Bolliger & Mabillard also invented the Floorless Coaster As of 2019 [update] there are fifteen in operation. In 2015, B&M constructed Thunderbird at Holiday World & Splashin' Safari, its first in-house launched coaster.and the Dive Coaster. The company also built its first launched roller coaster, the Incredible Hulk , which is at Islands of Adventure. In 2010, B&M unveiled its new Wing Coaster and premiered the prototype model, named Raptor , at Gardaland in 2011. It has two seats on each side on the car that hang riders over the sides of the track.
By 2010, B&M employed twelve engineers, twelve draftsmen and two draftswomen.The company has made other contributions to the roller coaster industry. The company built the trains for the Psyclone , a now-demolished wooden roller coaster at Six Flags Magic Mountain. The trains were later used on the park's Colossus wooden roller coaster (until it was refurbished by Rocky Mountain Construction), but were only used during October each year. The trains faced backward and usually raced against trains on the second track, which ran forward.
In 2013, the company launched the construction of Banshee, the world's longest inverted roller coaster.B&M supplied new trains for Steel Dragon 2000, built by D. H. Morgan Manufacturing in 2000. As of 2012, Bolliger & Mabillard has 85 operating roller coasters worldwide. Of these, twenty-two were listed among that year's Amusement Today Golden Ticket Awards Top 50 Steel Coasters List for 2012 and five were in the top 10.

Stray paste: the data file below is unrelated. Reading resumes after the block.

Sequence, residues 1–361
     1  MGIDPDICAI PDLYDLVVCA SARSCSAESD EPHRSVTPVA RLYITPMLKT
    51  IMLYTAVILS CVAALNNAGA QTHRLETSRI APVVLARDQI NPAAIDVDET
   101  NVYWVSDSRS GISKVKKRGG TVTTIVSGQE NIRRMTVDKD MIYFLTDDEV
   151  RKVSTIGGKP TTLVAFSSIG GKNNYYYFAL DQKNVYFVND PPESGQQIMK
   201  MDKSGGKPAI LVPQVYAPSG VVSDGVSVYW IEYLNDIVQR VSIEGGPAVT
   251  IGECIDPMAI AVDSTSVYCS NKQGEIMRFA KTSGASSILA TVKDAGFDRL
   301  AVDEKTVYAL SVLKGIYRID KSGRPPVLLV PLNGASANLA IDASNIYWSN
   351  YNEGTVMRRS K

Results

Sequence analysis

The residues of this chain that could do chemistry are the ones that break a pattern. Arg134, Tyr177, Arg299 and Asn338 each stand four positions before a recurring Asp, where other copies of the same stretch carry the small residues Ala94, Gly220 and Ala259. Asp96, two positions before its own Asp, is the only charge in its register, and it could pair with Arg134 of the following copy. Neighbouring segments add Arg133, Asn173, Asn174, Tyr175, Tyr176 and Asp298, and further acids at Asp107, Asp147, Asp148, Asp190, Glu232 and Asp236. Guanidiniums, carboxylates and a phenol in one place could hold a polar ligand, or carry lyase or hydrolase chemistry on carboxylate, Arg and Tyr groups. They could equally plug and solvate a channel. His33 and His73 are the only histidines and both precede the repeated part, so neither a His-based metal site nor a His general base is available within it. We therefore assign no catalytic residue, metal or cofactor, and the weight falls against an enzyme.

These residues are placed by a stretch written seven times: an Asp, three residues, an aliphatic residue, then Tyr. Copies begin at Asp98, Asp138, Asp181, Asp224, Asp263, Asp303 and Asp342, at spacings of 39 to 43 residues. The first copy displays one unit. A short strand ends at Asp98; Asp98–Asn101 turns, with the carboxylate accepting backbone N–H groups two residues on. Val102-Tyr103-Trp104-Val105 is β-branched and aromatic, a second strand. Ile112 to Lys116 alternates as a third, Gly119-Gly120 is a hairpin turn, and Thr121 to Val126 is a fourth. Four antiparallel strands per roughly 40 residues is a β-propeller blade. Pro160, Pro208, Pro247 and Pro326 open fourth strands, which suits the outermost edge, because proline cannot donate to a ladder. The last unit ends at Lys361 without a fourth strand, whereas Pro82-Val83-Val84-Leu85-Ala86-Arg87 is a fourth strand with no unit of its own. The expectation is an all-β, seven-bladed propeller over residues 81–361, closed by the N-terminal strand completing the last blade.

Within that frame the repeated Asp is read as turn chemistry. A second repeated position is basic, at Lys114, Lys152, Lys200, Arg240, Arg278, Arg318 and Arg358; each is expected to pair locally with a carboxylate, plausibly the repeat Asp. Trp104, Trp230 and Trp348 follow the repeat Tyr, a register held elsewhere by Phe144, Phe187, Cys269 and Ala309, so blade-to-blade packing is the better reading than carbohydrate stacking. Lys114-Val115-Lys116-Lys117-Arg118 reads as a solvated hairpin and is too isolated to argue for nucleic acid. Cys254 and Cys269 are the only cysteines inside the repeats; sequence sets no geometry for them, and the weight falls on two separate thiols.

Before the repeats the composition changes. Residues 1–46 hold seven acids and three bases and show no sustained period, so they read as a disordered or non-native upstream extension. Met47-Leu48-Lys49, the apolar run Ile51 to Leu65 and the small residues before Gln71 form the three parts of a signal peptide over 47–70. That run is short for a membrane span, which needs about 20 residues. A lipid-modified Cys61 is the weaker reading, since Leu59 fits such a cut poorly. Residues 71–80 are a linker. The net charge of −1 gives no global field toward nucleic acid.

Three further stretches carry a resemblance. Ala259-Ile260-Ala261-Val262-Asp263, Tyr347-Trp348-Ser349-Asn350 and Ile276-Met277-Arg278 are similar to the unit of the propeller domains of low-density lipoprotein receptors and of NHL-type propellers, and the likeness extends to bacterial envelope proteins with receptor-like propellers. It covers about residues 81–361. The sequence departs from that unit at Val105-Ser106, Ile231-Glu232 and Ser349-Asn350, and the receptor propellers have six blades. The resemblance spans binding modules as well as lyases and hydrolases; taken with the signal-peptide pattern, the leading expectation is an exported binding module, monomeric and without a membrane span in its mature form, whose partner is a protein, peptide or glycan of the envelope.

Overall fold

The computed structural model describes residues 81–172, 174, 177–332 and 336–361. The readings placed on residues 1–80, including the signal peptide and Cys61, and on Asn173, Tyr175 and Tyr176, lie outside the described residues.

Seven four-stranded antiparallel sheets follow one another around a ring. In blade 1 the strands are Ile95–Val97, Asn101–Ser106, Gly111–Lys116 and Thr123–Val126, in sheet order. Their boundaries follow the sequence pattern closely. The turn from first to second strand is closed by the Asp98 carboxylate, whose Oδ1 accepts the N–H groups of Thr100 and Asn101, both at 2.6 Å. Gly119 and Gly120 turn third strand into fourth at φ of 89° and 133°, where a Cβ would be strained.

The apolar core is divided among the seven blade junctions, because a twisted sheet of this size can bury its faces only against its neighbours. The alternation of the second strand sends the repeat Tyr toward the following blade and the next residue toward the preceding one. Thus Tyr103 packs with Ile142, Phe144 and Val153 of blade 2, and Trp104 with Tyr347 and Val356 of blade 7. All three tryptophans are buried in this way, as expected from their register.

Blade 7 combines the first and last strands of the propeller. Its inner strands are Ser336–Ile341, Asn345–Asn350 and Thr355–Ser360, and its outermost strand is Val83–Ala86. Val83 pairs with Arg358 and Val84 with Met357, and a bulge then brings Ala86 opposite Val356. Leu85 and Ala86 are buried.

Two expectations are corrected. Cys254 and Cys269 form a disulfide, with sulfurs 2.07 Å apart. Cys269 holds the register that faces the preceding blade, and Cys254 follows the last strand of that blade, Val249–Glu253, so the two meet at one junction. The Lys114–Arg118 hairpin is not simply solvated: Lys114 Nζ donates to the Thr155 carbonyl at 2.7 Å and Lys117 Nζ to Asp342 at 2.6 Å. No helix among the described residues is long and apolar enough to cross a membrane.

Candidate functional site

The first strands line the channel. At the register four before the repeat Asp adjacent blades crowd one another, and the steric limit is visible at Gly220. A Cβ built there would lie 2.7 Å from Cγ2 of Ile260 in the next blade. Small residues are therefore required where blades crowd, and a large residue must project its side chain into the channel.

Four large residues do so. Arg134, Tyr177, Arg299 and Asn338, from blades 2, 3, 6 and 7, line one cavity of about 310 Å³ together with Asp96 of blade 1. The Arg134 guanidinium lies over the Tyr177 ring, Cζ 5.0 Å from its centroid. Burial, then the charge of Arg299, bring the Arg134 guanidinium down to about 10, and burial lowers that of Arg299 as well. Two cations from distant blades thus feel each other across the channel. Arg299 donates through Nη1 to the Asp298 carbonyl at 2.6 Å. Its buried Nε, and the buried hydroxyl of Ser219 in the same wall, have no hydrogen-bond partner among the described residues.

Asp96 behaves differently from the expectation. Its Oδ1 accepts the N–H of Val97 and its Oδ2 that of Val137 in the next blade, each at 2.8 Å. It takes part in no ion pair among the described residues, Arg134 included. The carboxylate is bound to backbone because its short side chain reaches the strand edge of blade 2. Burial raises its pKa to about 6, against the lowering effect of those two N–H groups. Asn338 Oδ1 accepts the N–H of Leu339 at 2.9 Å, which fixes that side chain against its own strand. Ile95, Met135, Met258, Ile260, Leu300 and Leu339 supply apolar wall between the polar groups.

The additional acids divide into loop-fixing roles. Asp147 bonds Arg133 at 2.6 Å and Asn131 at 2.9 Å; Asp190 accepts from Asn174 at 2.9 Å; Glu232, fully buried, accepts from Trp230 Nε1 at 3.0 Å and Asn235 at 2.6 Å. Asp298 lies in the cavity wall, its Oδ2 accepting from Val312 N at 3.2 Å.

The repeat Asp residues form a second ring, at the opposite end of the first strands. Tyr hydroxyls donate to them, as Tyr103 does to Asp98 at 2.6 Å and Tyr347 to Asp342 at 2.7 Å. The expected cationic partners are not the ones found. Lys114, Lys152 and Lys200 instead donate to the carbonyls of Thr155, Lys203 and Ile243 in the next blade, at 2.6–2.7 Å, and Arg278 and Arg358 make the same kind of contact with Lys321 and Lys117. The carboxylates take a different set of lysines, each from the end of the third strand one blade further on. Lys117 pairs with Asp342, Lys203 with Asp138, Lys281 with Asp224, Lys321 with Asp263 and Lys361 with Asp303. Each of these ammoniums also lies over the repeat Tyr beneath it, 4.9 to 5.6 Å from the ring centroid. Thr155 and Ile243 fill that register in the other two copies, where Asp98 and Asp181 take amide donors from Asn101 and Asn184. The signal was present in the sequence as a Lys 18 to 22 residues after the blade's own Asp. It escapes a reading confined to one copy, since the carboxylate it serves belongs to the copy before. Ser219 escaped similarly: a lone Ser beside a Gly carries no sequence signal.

By 2016, Bolliger & Mabillard had completed their 100th coaster, and had built more roller coasters than any other manufacturer on the Golden Ticket Awards Steel Coasters list.
Bolliger & Mabillard currently manufactures nine different roller coaster styles: Stand-Up Coaster, Inverted Coaster, Floorless Coaster, Flying Coaster, Hyper Coaster, Dive Coaster, Sitting Coaster, Wing Coaster and Family Coaster.Bolliger & Mabillard has been involved in developing new technologies and concepts in roller coasters almost since its inception. It has often worked with engineer Werner Stengel and with designers and management of client theme parks.